M&C Interview: Animation Supervisor Kenn McDonald talks Beowulf
By April MacIntyre Feb 28, 2008, 13:18 GMT
In the age of heroes comes the mightiest warrior of them all, "Beowulf." After destroying the overpowering demon Grendel, he incurs the undying wrath of the beast\'s ruthlessly seductive mother who will use any means possible to ensure revenge. The ensuing epic battle throughout the ages, immortalizing the name "Beowulf." Academy Award(R) winner director Robert Zemeckis tells the oldest epic tale in the English language with the most modern technology, ...more
Director Robert Zemeckis takes the old English heroic epic poem and re-imagines it with the most advanced technology, dressing the characters through the magic of digitally enhanced live action.
This anonymously penned work of Anglo-Saxon literature dates to between the 8th and the 11th century.
The cast is led by Ray Winstone in the title role. Anthony Hopkins as the cursed King Hrothgar, John Malkovich, Robin Wright Penn, Brendan Gleeson, Crispin Glover, Alison Lohman and Angelina Jolie as Grendel's mother who seeks revenge.
Animation supervisor Kenn McDonald worked closely with director Robert Zemeckis on Beowulf . He was responsible for overseeing all aspects of digital character performance from the moment performance capture is completed through to final animation. In addition he works closely with the character modeling and rigging teams to develop the look of the characters.
Prior to Beowulf, McDonald was an animator on Open Season, the first feature from Sony Pictures Animation. He came to that project after having been lead CG animator on Zemeckis' The Polar Express, and before this project, McDonald was a lead animator on Stuart Little 2 and CG animator on The Matrix Reloaded.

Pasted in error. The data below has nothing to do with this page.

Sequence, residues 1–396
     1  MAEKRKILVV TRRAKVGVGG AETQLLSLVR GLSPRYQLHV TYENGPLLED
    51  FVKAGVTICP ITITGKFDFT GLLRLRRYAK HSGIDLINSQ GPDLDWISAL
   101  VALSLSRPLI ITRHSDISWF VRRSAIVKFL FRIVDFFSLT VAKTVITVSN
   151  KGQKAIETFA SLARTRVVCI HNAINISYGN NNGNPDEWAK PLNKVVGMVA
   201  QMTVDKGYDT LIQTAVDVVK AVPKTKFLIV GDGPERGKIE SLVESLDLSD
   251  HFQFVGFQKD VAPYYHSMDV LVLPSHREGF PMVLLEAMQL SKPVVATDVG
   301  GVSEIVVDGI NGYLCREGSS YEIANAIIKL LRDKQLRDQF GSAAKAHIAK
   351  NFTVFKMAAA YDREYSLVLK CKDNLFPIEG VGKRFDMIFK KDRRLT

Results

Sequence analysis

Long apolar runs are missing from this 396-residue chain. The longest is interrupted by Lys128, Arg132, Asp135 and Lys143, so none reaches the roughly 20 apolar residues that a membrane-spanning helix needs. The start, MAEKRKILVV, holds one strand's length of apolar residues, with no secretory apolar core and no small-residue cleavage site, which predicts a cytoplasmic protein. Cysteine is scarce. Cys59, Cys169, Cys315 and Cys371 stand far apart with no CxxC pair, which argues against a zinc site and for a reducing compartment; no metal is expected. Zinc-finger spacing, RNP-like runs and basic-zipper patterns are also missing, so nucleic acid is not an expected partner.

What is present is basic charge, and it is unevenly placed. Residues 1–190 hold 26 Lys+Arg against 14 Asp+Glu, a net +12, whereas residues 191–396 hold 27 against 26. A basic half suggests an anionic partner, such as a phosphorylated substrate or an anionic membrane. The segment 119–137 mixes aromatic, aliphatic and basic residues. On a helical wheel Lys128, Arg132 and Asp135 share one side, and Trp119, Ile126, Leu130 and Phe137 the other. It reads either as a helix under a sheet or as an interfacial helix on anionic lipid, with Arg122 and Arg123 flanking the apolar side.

McDonald's other credits include CG animator on Pandemic Studios/THQ's award-winning combat simulation video game Full Spectrum Warrior and animator on two Imageworks shorts, The ChubbChubbs! (winner of the 2003 Academy Award® for Best Animated Short Film) and Early Bloomer.
McDonald joined Sony Pictures Imageworks in 2001 from Saban Entertainment, where he was animation supervisor and supervising technical director on What's with Andy and Micromaniacs webisodes in addition to handling story development and character design on Tae Kwon Do.
Cheetos fans take note: Prior to his stint at Saban, McDonald was at Renegade Animation where he was lead animator on dozens of commercials with notable characters such as Chester Cheetah.
McDonald was nominated in 2007 for a Satellite Award Best Visual Effects
for Beowulf (2007) The Visual Effects Society Awards in 2008 nominated McDonald for a VES Award in Outstanding Animated Character in an Animated Motion Picture
for: Beowulf (2007)
Monsters and Critics had a chance to visit with Kenn and talk about Beowulf:
M&C: How many post-production people from Imageworks were employed for this film?